Review by Aisling Kennedy
Ireland opened their campaign with a fluent batting display against Denmark. Ireland made 238 for two with Mary Pat Moore, in her 42nd international appearance scoring 114 not out from 149 deliveries faced and becoming the first ever centurion for Ireland. Anne Linehan in her 13th match scored 74 which was her highest for Ireland before she was dismissed in the 42nd over. Their opening partnership of 181 was yet another record. Ireland won by 72 runs.
On Wednesday 19th, Ireland, in their second pool game, took on Holland at Pembroke and maintained their good form. Holland batted first and tight bowling and good fielding restricted their score to 141 for five. In reply Ireland reached 142 for the loss of two wickets with another encouraging partnership from the opening pair, this time 99 from 29 overs, to set up the eight wicket win. England played Denmark at Leinster and won by 133 runs having scored 205 for six and bowling out Denmark for 72. These results confirmed that irrespective of the results of the third series of round-robin matches to be played on Thursday, Ireland and England would meet in the Final.
On Thursday 20th, Denmark took on Holland at Railway Union. Unfortunately there was little support for this match as the big clash was taking place at Trinity between Ireland and the World Cup holders England-a dress-rehearsal for the Final. Ireland with two changes from the previous game made 156 for eight after being put into bat although the target was reduced to 153 due to rain and the loss of an over. England, at one stage reduced to 13 for 2, and later 99 for 5 when the rain intervened, replied with 154 for six in the 47th over and won by 4 wickets. There was an excellent attendance at the game and one still wonders if the rain hadn't appeared, would we have had an Irish victory?
Tom Devlin's view of the Final
IRELAND'S women cricketers' vision of victory over England on their way to a European Cup Final triumph were not realised at Castle Avenue. While Ireland were always second favourites, the English side underlined their World Champion status with a display that was ruthless in its efficiency and impressive in manner. With a few exceptions the Irish played below their best and perhaps four matches in five days was too demanding a schedule and took its toll.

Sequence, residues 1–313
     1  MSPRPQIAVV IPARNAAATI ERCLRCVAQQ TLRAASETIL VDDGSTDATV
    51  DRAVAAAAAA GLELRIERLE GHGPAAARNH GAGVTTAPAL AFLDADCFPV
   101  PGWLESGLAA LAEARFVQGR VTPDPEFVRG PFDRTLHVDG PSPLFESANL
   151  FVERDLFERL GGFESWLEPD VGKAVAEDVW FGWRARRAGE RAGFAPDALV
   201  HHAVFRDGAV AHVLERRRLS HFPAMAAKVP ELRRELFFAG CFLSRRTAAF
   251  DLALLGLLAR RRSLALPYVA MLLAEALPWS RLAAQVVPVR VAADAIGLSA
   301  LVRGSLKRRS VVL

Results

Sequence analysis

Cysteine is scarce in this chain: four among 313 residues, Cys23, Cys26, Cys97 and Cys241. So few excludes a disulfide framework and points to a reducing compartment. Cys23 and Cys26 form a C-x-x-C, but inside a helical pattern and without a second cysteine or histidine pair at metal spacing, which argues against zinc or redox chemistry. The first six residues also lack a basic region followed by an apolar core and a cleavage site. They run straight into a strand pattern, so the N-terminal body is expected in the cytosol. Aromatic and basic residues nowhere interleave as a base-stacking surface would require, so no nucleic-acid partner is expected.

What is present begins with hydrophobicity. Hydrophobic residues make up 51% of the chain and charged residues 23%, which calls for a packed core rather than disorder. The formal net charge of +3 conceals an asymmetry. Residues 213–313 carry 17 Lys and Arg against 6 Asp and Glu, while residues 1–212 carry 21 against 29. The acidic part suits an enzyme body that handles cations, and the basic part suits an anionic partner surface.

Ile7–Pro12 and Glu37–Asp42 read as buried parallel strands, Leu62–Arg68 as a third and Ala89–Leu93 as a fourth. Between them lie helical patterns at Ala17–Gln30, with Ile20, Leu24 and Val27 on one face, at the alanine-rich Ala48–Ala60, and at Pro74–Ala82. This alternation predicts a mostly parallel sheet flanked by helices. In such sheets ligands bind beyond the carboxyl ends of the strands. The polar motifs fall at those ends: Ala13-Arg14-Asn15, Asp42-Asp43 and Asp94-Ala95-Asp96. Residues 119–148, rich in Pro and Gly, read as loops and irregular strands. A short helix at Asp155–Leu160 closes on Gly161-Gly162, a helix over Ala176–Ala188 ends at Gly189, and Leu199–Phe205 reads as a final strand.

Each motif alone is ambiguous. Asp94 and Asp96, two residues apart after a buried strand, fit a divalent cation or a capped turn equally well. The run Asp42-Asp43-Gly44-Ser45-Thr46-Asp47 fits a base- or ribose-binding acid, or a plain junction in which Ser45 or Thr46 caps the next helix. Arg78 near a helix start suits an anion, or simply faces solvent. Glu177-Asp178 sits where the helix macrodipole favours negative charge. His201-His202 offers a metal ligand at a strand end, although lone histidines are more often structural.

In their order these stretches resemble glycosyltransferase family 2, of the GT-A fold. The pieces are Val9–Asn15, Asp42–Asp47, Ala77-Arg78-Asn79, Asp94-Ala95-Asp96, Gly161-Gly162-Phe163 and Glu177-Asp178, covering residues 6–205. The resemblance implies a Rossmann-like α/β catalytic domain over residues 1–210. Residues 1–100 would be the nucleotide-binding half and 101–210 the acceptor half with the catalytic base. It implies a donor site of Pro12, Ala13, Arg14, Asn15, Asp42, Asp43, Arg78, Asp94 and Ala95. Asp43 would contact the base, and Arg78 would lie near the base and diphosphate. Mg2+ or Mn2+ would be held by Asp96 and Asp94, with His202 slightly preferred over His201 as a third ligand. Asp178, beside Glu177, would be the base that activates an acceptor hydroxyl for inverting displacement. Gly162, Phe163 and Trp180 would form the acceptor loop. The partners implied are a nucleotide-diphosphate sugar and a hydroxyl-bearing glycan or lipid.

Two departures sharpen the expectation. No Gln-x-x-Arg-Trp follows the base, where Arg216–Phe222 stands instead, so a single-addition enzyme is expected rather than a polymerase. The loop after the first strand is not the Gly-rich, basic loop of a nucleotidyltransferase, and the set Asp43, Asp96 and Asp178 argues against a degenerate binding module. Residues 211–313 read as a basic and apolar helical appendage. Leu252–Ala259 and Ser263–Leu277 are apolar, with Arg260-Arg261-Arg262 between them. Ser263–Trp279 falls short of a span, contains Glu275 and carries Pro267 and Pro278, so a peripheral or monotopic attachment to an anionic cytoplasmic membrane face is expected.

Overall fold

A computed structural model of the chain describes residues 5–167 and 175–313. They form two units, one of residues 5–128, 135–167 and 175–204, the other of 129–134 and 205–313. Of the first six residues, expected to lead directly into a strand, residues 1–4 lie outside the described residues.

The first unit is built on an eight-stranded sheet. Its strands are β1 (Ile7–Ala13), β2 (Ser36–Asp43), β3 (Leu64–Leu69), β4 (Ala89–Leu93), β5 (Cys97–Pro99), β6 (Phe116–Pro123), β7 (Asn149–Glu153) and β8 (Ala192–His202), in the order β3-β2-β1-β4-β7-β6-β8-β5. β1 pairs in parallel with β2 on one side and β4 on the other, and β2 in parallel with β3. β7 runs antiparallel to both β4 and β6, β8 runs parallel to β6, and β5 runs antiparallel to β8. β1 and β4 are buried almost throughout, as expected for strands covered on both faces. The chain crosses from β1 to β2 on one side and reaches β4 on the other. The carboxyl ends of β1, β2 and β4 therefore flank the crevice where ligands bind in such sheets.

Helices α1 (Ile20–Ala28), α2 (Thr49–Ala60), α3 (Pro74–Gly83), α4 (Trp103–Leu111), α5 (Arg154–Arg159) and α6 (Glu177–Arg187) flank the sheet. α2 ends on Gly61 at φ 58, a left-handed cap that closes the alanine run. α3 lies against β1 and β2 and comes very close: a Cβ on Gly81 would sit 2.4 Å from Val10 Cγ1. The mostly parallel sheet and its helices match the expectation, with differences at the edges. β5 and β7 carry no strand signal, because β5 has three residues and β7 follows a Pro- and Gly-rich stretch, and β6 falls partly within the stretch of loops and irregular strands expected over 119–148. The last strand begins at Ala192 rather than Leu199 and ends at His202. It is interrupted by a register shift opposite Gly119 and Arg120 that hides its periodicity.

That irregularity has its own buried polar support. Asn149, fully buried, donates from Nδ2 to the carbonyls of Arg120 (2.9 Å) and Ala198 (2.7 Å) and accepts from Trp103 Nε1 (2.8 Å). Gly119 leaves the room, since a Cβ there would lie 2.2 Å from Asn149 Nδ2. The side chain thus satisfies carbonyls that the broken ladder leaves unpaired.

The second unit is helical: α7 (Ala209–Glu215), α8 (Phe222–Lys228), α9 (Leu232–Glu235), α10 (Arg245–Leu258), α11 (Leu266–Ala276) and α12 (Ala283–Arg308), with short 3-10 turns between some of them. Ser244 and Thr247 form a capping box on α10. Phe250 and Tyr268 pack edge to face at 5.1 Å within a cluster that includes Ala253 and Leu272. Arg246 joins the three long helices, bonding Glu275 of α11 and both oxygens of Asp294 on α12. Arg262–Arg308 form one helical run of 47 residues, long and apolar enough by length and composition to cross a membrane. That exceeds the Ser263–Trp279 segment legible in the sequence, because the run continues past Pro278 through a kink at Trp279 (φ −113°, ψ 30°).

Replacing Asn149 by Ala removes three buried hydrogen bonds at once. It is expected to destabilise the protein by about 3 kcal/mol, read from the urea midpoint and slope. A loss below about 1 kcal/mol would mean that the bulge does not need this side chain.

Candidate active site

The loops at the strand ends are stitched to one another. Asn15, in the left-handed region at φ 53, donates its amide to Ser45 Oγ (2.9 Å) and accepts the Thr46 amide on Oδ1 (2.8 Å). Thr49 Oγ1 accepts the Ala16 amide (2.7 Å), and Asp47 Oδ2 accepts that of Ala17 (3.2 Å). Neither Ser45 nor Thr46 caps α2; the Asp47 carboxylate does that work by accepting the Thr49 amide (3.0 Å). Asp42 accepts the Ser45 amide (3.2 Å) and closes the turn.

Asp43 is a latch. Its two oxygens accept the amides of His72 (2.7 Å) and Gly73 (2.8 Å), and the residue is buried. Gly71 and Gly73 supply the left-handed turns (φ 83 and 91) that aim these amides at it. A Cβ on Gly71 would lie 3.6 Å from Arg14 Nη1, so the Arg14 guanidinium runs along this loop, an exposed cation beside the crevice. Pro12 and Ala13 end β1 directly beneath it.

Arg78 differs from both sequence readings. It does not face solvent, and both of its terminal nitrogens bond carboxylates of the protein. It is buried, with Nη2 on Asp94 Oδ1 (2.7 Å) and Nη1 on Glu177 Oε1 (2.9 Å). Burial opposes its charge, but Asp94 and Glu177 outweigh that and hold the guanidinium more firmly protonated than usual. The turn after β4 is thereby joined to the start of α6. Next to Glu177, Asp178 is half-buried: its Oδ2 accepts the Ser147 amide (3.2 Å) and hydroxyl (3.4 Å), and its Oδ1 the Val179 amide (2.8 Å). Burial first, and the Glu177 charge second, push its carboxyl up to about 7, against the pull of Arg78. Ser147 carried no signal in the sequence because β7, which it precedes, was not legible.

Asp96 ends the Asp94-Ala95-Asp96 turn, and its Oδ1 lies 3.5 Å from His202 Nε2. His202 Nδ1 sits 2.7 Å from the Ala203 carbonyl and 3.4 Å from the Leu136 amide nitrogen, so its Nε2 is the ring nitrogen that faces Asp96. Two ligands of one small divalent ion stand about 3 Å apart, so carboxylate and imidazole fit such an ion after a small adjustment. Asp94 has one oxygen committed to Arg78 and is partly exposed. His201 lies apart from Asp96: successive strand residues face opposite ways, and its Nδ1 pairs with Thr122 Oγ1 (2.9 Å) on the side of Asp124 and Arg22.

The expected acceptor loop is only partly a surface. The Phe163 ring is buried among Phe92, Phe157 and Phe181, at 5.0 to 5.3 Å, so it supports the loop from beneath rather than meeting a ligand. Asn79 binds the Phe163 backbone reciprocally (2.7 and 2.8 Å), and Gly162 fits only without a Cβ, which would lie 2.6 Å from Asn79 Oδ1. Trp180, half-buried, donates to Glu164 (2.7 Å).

They got off to a wretched start, when opener Ann Linehan was bowled off the first ball of the match and Mary Pat Moore was run out in unlucky circumstances to leave them four for two after five overs. After producing prolific opening partnerships of 181 and 99 against Denmark and Holland earlier in the week, it was a wounding and heart-breaking start. But Lily Owens and Miriam Grealey staged a brave revival, putting on 71 in 22 overs, and the innings was back on the rails and the crowd watching with high expectations.
Grealey's innings was highly authoritative, hitting 46 off 77 balls including a six and seven fours until ambition got the better of her and she holed out to Clare Taylor in the 28th over. Against high-quality bowling and high-class fielding the pressure was now on Owens, who despite doing her best, had a testing time trying to keep the runs ticking along at a productive rate. The Clontarf girl stayed until the 43rd over and included seven fours in her 37 runs, but a quicker scoring momentum was needed. Shona Seawright, Catherine O'Neill and Nikki Squire all made a brave effort to hurry the score along, but the innings closed at 150 for eight off 50 overs, some 30 to 40 short of that envisaged at the start of the innings. Clare Taylor, who has represented her country at soccer, took three well judged catches and bowled her ten overs for only 23 runs and claiming two wickets.
However, Irish hopes rose when they captured two English wickets for 18 runs after 11 overs, but with plenty of depth in the visitors' batting it was always an uphill battle. Barbara Daniels at number four was particularly punishing, scoring 47 off 48 balls, and later the fluency of batting from Jane Smit and their captain Karen Smithies was superb as the runs flowed with increasing fluency and the winning post was comfortably reached with plenty of overs to spare. It was a great learning experience for the Irish and Susan Bray, who had splendid finishing analysis of 10 overs for 14 runs without any luck, bowled and fielded superbly.